Welcome to your ultimate guide for immersing yourself in the Christmas traditions of Greece! I’ve compiled essential information to help you discover where to visit, what to witness, and, most importantly, what culinary delights to relish during your Christmas in Greece
Get ready for an unforgettable Greek Christmas experience with this comprehensive guide!
Deciding to travel to Greece for Christmas is not the usual way to spend the holidays, yet if you want to spend Christmas in Greece, you’ll want to know what to expect.
With the arrival of the merry season, there are endless options for entertainment and family moments in Greece at Christmas. Every city celebrates Greek Christmas, each offering music concerts, outdoor festivals, and Christmas markets. In fact, a Greek Christmas vacation is one of the most magical ways to spend the holiday!
In this article, you will learn everything about the most important Greek Christmas traditions. We will show you where it is better to spend the holidays in Greece and what food the locals usually prepare and eat during this Christmas period.
So, let’s dive into the festive traditions, holiday destinations, and delectable Greek Christmas cuisine that will make your holiday truly special.
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Christmas Traditions In Greece
Better known for being a unique summer destination, it may have never occurred to you that Greece is also a great place to visit in winter (hello, mild winter days!), especially during Christmas.
Somewhere at the crossroads between the easternmost Balkan culture and the influence of Western European countries, Greece has managed to keep some very characteristic traditions that give life to a very unique Greek Christmas experience.
Well, yes, Greece has its own “Greek Santa.” And although it can share some of the looks of the better-known Santa Claus that most kids wait for all over Europe, Agios Vasilis is a little different.
Deeply related to the Eastern Orthodox tradition, it is not Saint Nicholas the saint giving away gifts during the Christmas season, but a different saint, Basil the Great, in the local tradition translated as Agios Vasilis, which stands for Saint Basil who is the patron saint of sailors.
The Saint Basil of Caesarea was a contemporary of the legendary Saint Nicholas, probably living during the same century. In the Greek tradition, he brings gifts to children every January 1st since that is St Basil’s Day.
From this comes the fact that still, in many households all over Greece, many kids do not get their presents on Christmas Day in Greece, but they will open them on New Year’s Day; however, more modern Greek families have made a date shift to December 25th.
As a result, many kids have started getting their presents on Christmas, others on January 1st, and many more on both days!
This brings us to the next seasonal tradition… Vasilopita, but you will read more about it when we get to Christmas foods!
Christmas Dinners And Family Reunions
As per the strict Greek traditions, deeply connected with its Orthodox religion, Christmas is a day for a family reunion. Long hours spent baking, stuffing, and mixing in the kitchen are followed by big family dinners, where every family member finds a place to eat, celebrate, and rejoice.
During Christmas, tickets are often sold out since it is common for people to travel from one corner of the country to another to spend the holidays with friends and family.
As we mentioned above, it was not really the moment to exchange gifts; however, this has changed over the last few years, and other than tons of food, there are also tons of presents, especially for children.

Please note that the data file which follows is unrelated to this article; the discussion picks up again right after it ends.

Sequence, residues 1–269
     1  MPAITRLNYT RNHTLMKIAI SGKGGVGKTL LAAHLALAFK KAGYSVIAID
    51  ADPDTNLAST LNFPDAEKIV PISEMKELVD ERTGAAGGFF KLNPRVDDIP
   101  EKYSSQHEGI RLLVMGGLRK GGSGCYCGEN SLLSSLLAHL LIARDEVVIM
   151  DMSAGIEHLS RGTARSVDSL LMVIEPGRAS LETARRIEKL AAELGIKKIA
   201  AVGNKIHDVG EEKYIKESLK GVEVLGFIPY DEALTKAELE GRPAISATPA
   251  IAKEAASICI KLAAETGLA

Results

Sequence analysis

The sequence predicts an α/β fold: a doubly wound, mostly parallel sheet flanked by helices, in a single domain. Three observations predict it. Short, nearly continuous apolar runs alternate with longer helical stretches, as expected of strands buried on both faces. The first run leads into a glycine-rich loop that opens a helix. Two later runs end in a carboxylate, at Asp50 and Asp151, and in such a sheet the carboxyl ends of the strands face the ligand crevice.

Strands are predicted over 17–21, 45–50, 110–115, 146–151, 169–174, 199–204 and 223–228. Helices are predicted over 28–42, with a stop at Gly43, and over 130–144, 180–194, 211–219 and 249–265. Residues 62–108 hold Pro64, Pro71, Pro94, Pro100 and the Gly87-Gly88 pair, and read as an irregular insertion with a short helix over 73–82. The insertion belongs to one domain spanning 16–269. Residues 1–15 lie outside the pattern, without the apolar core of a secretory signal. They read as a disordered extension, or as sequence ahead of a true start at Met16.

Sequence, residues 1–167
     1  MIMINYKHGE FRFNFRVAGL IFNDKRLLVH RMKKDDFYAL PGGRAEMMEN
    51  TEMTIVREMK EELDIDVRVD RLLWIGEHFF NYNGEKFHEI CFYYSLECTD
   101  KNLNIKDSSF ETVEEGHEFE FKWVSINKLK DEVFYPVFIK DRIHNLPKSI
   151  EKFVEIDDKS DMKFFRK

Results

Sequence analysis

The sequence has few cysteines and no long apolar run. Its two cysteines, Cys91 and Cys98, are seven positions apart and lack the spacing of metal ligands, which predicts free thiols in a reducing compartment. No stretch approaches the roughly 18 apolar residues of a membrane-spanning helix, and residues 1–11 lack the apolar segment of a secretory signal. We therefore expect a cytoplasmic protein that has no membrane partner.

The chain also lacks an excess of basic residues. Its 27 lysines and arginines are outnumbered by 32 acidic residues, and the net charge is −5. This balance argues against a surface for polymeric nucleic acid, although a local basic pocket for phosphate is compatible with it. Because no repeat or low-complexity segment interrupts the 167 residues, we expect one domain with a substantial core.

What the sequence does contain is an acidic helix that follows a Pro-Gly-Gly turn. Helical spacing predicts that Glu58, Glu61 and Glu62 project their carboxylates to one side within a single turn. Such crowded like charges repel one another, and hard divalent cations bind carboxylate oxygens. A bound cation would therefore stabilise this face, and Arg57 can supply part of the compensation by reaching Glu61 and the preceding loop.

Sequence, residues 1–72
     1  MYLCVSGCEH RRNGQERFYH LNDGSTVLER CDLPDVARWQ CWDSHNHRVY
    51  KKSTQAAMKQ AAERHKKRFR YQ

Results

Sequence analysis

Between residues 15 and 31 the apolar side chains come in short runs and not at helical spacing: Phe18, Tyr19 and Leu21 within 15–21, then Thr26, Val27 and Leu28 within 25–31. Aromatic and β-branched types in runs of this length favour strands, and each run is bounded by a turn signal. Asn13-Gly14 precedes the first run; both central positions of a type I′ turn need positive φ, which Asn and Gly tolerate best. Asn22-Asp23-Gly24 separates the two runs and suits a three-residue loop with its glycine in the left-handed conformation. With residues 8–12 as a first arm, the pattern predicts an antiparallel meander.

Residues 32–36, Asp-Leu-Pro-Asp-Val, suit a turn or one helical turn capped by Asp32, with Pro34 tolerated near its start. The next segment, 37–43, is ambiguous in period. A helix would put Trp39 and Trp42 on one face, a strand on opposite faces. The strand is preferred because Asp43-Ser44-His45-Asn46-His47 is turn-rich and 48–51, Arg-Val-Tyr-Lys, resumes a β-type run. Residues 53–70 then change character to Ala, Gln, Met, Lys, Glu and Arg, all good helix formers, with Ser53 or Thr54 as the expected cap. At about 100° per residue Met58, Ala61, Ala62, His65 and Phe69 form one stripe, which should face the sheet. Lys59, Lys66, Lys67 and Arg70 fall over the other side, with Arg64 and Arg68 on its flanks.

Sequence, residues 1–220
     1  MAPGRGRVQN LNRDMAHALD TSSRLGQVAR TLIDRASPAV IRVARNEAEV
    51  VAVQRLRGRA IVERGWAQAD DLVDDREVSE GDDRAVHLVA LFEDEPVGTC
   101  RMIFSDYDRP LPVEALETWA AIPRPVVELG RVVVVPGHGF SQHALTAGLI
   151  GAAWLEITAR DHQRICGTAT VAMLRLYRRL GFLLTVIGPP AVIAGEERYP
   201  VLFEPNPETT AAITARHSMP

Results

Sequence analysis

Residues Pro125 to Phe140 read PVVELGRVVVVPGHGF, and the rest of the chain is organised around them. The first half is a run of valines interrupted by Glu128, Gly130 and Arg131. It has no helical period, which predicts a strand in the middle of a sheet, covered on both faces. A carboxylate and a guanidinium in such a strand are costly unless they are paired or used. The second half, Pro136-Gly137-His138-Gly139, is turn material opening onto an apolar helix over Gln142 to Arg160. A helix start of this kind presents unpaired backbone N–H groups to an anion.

You may be wondering, how does Greece decorate for Christmas?
If you happen to spend some time in Greece during Christmas, you will be surprised to see small boats decorated with lights in almost every square of the country. It is called the Karavaki, and it is a Christmas… boat!
As a matter of fact, decorations for Christmas in Greece only recently included Christmas trees (in the last few decades). Now, every year, there is the most famous Christmas tree of all in the center of the important Sintagma Square in Athens. However, this is a relatively new tradition.
For centuries, the Greeks have decorated a boat. To Karavaki (literally, the small boat) is a renowned Christmas symbol, only logical in a country with so many islands, you would say… well, it is still a very much heartfelt tradition on many Greek islands, where — in many homes — the boat is decorated and placed by the window as a sign of good omen for the many sailors and fishermen at sea to return home safe from their journeys for the celebration.
The small Christmas boat also recalls that Saint Nicholas still plays a part during the merry festive season. The decoration of the Christmas board is on December 6th, St. Nicholas Day, who happens to be the protector saint of seamen.
Agios Nikolaos (Saint Nicholas) is a very important saint for the Greek Church; thus, Christmas celebrations on that day take place all over the country. In a way, December 6th kicks off a whole month of lights, Christmas sweets (too many of them!), presents, carols, and Christmas spirit.
Another unique tradition that Greek kids adore is singing traditional Christmas carols from door to door. Locally known as Kalanda, these classic Christmas songs can still be heard in every neighborhood during the Greek Christmas holidays.
Groups of children gather pretty early in the morning, many of them carrying a triangle, and go from house to house singing carols at each door where they stop. Once the house owner opens the door, the kids ask, “Na ta poume?” (literally, shall we say it? But meaning, shall we sing it?).
Right after, kids will start sounding their high-pitched triangles to accompany the song. Kalanda often tells us about traditional facts and legends related to the birth of Christ, or that took place around that period.
Typically, kids are generously rewarded with money and sweets, so much so that kalanda money is often divided among the kids who return home with considerable loot!
This tradition takes place in Greece on Christmas (both Eve and Day), as well as on New Year’s (Eve & Day), and January 6th, Epiphany, and the last official day of celebrations.